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The bindata command embeds binary files as byte arrays into a Go source file.
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README.md

bindata

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The bindata command embeds binary files as byte arrays into a Go source file.

It is designed with go generate in mind, but can be used on its own as well.

The data is stored as a map of byte slices or strings indexed by the file paths as specified on the command line. The default name of the map is bindata but a custom name can be specified on the command line (-m).

Multiple files and directories can be provided on the command line. Directories are treated recursively. The keys of the map are the paths of the files relative to the current directory. A different root for the paths can be specified on the command line (-r).

By default, the data are saved as byte slices. It is also possible to save them a strings (-s).

By default, the package name of the file containing the generate directive is used as the package name of the generated file, or main otherwise. A custom package name can also be specified on the command line (-p).

The output file can be specified on the command line (-o). If a file already exists at this location, it will be overwritten. The file produced is properly formatted and commented. If no output file is specified, the contents are printed on the standard output.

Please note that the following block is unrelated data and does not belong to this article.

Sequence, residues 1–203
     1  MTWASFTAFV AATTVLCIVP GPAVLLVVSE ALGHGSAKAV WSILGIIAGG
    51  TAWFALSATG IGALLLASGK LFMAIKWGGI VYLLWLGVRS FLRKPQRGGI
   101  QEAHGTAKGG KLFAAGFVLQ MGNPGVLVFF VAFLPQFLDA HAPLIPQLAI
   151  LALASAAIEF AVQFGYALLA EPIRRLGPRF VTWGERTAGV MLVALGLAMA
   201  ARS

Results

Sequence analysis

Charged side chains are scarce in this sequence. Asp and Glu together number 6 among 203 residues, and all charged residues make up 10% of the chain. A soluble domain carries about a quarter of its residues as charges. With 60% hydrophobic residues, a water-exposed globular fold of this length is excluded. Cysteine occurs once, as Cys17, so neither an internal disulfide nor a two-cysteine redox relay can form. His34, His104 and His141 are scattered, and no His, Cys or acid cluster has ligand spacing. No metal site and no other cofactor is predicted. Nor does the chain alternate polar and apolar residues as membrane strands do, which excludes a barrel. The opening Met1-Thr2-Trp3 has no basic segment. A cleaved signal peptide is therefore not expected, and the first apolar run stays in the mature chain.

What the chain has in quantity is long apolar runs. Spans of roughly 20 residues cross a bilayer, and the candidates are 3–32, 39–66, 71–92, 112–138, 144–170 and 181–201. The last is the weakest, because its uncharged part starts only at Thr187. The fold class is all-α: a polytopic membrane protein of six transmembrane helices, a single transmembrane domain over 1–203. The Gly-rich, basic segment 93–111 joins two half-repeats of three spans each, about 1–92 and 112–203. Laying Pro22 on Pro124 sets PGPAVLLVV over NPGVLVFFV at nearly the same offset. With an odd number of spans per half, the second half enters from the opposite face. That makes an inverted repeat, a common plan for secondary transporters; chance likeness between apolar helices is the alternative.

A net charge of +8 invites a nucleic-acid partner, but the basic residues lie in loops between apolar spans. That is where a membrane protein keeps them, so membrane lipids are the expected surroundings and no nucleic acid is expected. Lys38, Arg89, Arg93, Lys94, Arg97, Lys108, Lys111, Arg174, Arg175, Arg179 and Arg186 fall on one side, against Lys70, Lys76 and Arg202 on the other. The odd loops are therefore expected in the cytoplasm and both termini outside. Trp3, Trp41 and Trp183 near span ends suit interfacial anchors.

To see the full list of flags, run:

bindata -h

Example

Given a file hello.go containing:

package main

import "fmt"

func main() {
	fmt.Println("Hello, 世界")
}

Running bindata hello.go will produce:

package main

// This file is generated. Do not edit directly.

// bindata stores binary files as byte slices indexed by filepaths.
var bindata = map[string][]byte{
	"hello.go": []byte{
		0x70, 0x61, 0x63, 0x6b, 0x61, 0x67, 0x65, 0x20, 0x6d, 0x61, 0x69, 0x6e,
		0x0a, 0x0a, 0x69, 0x6d, 0x70, 0x6f, 0x72, 0x74, 0x20, 0x22, 0x66, 0x6d,
		0x74, 0x22, 0x0a, 0x0a, 0x66, 0x75, 0x6e, 0x63, 0x20, 0x6d, 0x61, 0x69,
		0x6e, 0x28, 0x29, 0x20, 0x7b, 0x0a, 0x09, 0x66, 0x6d, 0x74, 0x2e, 0x50,
		0x72, 0x69, 0x6e, 0x74, 0x6c, 0x6e, 0x28, 0x22, 0x48, 0x65, 0x6c, 0x6c,
		0x6f, 0x2c, 0x20, 0xe4, 0xb8, 0x96, 0xe7, 0x95, 0x8c, 0x22, 0x29, 0x0a,
		0x7d, 0x0a,
	},
}

Example using Go generate

Add a command like this one anywhere in a source file:

//go:generate bindata -o jpegs.go pic1.jpg pic2.jpg pic3.jpg

Then simply run go generate and the file jpegs.go will be created.

Todo (maybe)

  • add option to compress data (but then need accessor)

License

The MIT License (MIT). See LICENSE.txt.

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